Make it easy to buy

Site speed isn’t the only factor that impacts the success of your shopping cart. The checkout process is often the make or break point for your online sales. According to SaleCycle, the average cart abandonment rate is 79.17 percent, although retailers with more complex checkout processes tended to lose customers at higher rates.

Unfortunately, there will always be customers who abandon their carts, but there are ways to lessen your abandonment rates. “How can I fix this?” you may ask. Don’t give them a reason to leave.

Sure, that may sound overly simple, but simplicity plays a key part in improving your checkout process. You want to make the process as painless as possible, which means giving your users as few blockers so that you can get them to a “thank you” page. Typical reasons for checkout frustration include:

  • Too many form fields
  • No back button to go to the previous checkout page
  • Bad checkout navigation
  • The need to fill out the same information more than once
  • An inability to change or modify orders after the checkout process begins

Sounds pretty aggravating, right? It’s important to work with your web design team to narrow the checkout process down to as few steps as possible and work with your design team to make checkout seamless, not stressful. You also have to balance giving users the ability to return to their cart from checkout without accidentally enticing them away. For example, you can give them the ability to add related items to their cart without leaving the checkout. This can help you suggest relevant items and increase sales without having them leave for another product page and never come back.

Another way to help lower cart abandonment rates is to add guest checkout. SaleCycle reports that just over a third of the people who abandoned a purchase because a site required them to create an account. In short, a lot of people don’t want to create another account to buy things online, especially if it’s something they’ll buy once every few years. Guest checkout makes a massive difference, so make sure your ecommerce site has it unless a login is absolutely essential.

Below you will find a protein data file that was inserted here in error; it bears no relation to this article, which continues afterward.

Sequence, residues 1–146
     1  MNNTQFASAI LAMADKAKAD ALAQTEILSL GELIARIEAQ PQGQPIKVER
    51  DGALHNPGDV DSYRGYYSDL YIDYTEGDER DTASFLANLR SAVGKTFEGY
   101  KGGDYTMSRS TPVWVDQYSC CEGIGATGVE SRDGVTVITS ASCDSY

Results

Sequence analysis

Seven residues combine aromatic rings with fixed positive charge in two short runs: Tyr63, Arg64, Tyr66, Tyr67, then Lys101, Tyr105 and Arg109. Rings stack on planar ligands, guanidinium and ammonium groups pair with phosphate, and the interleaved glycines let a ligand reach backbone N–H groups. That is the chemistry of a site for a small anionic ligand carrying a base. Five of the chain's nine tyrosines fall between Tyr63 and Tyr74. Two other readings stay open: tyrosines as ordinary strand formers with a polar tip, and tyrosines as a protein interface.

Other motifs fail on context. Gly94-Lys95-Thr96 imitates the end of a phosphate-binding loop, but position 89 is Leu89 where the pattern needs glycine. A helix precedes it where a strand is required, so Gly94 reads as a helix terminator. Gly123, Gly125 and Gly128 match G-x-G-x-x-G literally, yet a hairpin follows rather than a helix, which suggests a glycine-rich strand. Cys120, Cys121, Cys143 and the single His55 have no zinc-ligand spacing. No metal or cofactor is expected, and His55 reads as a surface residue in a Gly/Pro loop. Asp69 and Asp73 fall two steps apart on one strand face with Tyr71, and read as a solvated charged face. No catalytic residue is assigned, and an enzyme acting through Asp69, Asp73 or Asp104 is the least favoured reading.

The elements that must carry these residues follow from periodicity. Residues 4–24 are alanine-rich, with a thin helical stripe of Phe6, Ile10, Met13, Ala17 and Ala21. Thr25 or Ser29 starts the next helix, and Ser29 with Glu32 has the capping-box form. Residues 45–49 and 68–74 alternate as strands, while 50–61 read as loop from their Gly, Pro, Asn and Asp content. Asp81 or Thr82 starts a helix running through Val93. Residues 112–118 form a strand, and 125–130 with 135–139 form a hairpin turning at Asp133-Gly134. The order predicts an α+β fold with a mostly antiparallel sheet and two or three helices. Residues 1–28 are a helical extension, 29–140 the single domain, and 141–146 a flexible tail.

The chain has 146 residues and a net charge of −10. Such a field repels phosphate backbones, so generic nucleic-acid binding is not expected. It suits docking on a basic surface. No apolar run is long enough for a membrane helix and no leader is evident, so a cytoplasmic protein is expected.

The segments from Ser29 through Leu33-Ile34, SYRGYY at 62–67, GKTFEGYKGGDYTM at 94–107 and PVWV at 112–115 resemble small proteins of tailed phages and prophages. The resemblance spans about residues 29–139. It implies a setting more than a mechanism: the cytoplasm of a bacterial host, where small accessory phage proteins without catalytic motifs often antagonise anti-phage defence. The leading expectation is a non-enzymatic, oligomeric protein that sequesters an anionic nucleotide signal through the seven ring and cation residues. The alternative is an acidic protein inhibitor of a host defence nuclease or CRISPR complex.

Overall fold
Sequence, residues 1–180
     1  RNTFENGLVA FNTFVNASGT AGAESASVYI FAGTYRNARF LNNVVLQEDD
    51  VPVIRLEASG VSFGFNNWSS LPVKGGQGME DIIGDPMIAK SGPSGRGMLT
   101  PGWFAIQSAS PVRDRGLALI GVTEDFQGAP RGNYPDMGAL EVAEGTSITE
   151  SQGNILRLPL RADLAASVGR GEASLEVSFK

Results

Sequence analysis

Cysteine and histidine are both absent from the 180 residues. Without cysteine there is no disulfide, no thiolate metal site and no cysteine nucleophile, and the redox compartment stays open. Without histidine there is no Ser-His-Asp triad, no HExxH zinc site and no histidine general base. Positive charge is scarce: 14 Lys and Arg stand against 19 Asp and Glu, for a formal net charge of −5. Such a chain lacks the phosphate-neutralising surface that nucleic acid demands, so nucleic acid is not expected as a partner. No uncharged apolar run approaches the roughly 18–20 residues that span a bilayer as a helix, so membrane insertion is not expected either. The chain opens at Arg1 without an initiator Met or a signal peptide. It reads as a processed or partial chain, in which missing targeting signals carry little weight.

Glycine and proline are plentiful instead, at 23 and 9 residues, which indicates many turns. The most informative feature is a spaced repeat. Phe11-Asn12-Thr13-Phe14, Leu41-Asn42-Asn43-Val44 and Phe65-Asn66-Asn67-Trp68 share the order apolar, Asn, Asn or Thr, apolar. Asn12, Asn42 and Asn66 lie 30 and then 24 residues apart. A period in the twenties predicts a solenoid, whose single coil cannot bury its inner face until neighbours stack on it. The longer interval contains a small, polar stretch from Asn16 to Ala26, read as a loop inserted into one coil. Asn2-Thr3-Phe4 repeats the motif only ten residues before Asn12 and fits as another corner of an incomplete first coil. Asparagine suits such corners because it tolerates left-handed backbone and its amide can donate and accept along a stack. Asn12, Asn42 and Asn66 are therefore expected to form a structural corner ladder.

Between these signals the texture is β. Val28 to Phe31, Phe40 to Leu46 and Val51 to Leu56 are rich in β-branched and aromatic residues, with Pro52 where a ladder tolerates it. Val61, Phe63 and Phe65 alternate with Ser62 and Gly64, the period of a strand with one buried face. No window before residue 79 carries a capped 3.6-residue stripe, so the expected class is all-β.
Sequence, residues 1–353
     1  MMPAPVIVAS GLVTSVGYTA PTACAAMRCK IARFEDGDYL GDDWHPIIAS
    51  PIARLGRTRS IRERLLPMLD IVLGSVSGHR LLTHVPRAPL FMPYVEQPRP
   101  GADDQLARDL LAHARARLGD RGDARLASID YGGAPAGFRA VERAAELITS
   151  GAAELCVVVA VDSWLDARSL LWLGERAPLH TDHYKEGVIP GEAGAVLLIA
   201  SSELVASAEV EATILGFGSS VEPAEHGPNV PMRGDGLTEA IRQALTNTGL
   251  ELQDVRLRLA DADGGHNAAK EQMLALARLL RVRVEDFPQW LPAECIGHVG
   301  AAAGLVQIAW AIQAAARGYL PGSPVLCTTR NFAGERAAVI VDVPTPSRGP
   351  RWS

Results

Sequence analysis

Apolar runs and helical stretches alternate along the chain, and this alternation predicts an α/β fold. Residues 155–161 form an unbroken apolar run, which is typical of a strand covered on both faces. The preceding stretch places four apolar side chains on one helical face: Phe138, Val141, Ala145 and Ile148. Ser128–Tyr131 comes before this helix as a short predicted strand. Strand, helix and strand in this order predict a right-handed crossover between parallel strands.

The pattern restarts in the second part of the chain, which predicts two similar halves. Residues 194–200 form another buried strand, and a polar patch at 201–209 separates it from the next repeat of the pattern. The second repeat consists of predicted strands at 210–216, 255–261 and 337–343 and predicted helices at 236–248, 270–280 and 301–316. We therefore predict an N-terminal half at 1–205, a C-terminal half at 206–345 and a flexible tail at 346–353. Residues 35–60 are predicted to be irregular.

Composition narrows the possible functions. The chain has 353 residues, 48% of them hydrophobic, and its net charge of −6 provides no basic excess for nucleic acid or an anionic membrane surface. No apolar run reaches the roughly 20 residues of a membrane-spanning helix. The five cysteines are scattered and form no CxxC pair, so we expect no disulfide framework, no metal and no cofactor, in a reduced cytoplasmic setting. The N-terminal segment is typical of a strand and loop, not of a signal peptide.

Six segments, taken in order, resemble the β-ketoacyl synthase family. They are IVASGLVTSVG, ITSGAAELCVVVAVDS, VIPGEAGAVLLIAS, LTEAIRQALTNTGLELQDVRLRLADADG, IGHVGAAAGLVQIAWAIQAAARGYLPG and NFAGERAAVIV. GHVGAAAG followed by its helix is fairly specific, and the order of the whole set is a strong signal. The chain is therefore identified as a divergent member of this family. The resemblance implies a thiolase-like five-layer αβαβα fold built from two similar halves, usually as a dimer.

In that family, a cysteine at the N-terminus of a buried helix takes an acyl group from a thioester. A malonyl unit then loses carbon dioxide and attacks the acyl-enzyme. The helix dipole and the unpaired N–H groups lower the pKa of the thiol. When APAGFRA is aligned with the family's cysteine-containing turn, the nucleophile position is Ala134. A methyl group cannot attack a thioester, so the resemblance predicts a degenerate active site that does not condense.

Prepare for Sales Tax

Dealing with sales tax has become a much more difficult for ecommerce businesses in recent years. Thanks to the Supreme Court’s ruling in South Dakota v. Wayfair, Inc. (2018), “states may charge tax on purchases made from out-of-state sellers, even if the seller does not have a physical presence in the taxing state.” In short, every state, county, and municipality can have multiple tax considerations depending on what your business does, where you ship your goods, and how they’re shipped.

Sound complicated? It is! Not only that, you need to collect all that money and keep track of those records so that you can report these taxes and pay the appropriate government bodies. Also, your checkout process needs to populate sales tax quickly – no customer is going to stand a slow tax calculator. If those numbers are off, those various local and state governments will let you know, and it likely won’t be a pleasant experience.

Unless you’re a walking calculator with up-to-date knowledge of tax legislation across the country, you should make sure that your accountants and lawyers are involved in the conversation about how to configure sales tax on your site. Depending on the complexity of your situation, your web team may be able to build a sales tax solution. If not, you may need to invest in technology like TaxJar and Avalara that calculates sales and updates regional rates in real-time. Either way, it’s better to determine which route is best for you before your site goes live.

Pick a Payment Processor

Before you can make money via ecommerce, you’ll need a payment processor. If you’re a B2C business, you likely already have a payment processor for credit cards and may want to go with that for your website as well. Whether you already have a relationship with a processor or not, it’s important to identify a solution that will work seamlessly with your site.

When it comes to payment processors, you have a few options. There are many well-known payment processors you can choose from, including Stripe, Square, and Your current bank may also work if it has an API integration you can use for your site.